A media coalition is appealing a ruling by a federal judge that news organizations don’t have a right to information about execution drugs used by the state. Among concerns listed by Judge G. Murray Snow was a belief that identifying companies that provide drugs makes them targets for anti-death-penalty advocates and discourages them from selling the drugs to state departments of corrections.
A media coalition will appeal a federal judge’s ruling dismissing arguments that it had a First Amendment right to information about execution drugs used by the Arizona Department of Corrections and the qualifications of its executioners, the Arizona Republic reports. U.S. District Judge G. Murray Snow told media outlets, including the Guardian, the Associated Press, the Republic, KPNX/12News, KPHO/Channel 5 and the Arizona Daily Star, that they had a First Amendment right to report on the issues, but the state did not have an obligation to turn over the information. Among concerns listed by Snow was a belief that identifying companies that provide drugs makes them targets for anti-death-penalty advocates and discourages them from selling the drugs to state departments of corrections.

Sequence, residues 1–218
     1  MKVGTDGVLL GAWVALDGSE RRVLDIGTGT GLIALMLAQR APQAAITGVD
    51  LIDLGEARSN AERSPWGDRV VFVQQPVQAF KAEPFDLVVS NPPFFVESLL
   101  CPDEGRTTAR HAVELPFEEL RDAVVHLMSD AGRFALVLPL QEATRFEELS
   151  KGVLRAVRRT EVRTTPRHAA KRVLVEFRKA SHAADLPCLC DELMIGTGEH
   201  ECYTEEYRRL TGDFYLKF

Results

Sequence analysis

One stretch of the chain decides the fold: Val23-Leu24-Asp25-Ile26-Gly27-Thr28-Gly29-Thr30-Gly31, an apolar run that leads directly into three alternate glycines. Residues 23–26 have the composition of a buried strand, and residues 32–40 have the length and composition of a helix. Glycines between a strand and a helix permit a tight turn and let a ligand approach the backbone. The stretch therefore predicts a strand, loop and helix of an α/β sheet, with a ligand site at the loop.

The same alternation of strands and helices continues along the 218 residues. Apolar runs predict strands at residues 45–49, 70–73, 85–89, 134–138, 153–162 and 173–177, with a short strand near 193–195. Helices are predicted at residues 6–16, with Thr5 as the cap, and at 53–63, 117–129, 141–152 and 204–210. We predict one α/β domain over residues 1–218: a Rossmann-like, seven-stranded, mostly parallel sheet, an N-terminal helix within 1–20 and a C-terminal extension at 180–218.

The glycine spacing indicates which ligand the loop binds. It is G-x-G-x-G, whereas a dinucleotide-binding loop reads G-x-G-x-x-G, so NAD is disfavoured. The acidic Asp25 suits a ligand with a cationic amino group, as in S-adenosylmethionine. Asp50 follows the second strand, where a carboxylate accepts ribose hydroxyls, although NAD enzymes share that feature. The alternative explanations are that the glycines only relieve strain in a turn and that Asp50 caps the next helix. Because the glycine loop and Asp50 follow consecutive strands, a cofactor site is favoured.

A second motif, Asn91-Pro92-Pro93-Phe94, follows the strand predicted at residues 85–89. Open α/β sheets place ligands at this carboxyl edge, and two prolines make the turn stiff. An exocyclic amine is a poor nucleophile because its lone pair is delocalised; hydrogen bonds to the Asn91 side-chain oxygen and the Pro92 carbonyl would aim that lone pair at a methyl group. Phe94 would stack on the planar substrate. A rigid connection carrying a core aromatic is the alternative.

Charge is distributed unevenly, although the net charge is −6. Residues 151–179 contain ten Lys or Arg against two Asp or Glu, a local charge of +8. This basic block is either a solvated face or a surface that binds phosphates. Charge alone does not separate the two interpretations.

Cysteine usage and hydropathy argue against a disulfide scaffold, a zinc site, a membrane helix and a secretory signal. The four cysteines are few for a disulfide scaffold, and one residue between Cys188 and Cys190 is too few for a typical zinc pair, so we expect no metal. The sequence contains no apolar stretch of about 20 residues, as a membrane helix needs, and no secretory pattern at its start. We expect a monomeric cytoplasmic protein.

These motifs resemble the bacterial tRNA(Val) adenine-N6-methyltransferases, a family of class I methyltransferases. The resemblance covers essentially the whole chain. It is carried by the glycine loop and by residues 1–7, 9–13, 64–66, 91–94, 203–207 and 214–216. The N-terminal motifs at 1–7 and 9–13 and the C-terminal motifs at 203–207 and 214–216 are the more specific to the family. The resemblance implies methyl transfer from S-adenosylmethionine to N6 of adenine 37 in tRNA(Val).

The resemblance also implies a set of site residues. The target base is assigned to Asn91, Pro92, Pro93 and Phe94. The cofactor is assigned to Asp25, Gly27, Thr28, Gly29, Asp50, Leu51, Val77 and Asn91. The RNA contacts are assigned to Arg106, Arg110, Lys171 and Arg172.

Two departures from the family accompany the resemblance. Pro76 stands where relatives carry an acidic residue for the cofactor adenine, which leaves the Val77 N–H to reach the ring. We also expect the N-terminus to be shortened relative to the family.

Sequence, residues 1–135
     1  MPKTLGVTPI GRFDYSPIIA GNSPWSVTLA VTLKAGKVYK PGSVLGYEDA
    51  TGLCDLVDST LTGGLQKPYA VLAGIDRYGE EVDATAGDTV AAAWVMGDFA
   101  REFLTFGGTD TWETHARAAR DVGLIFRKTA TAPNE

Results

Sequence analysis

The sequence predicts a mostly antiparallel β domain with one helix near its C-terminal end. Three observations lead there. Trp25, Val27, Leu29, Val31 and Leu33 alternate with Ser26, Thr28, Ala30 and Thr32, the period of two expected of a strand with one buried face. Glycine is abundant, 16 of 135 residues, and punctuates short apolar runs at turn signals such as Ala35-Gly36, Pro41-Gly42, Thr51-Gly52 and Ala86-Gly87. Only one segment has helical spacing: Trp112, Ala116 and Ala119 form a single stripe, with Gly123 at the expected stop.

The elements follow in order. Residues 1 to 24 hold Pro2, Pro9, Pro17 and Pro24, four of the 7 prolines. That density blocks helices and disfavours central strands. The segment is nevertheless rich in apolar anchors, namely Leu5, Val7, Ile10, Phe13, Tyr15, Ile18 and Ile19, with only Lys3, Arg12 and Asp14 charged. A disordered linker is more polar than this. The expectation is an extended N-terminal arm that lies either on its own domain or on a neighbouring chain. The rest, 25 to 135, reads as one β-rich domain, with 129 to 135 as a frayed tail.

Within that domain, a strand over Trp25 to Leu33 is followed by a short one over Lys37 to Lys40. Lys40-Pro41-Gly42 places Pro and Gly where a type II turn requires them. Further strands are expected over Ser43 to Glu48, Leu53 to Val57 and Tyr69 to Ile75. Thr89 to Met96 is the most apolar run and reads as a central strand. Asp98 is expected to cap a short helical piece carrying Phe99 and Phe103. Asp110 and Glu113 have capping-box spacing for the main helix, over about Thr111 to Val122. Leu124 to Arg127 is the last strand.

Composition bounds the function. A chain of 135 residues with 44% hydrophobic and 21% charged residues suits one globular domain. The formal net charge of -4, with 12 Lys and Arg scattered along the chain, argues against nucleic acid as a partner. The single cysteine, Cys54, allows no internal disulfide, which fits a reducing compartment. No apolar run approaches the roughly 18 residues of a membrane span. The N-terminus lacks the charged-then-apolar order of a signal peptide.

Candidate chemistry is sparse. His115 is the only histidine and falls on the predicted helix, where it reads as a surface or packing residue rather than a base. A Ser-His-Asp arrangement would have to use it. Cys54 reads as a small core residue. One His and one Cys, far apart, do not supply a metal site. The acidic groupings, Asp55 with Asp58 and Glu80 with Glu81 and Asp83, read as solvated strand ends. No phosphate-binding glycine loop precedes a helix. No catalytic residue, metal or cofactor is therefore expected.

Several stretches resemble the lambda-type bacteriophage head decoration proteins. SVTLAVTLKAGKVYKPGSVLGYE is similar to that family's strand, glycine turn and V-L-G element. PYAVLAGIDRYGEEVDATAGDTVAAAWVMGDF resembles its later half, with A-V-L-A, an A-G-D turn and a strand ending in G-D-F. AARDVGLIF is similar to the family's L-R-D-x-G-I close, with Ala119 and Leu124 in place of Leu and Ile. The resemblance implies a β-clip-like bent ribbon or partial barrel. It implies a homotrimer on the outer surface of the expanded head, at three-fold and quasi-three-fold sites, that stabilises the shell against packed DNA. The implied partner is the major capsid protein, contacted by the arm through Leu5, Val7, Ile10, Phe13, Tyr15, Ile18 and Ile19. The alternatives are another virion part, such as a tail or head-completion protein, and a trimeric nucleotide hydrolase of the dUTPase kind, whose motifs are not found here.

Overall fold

Similar arguments were already dismissed in another federal case brought by several Arizona death-row inmates. That decision has also been appealed to the 9th U.S. Circuit Court of Appeals. No one has been put to death in Arizona since the 2-hour-long execution of Joseph Wood in July 2014. Wood gasped on the execution gurney as executioners pumped into him 15 supposedly lethal doses of the drugs midazolam and hydrocodone. District Court Judge Neil Wake imposed a stay of all executions until the incident was investigated and fully litigated. The stay was lifted this June after the death-row inmates reached a settlement with the Arizona Department of Corrections. The state has not yet asked the Arizona Supreme Court for warrants to execute prisoners, in part because it has had difficulty obtaining drugs to perform the executions.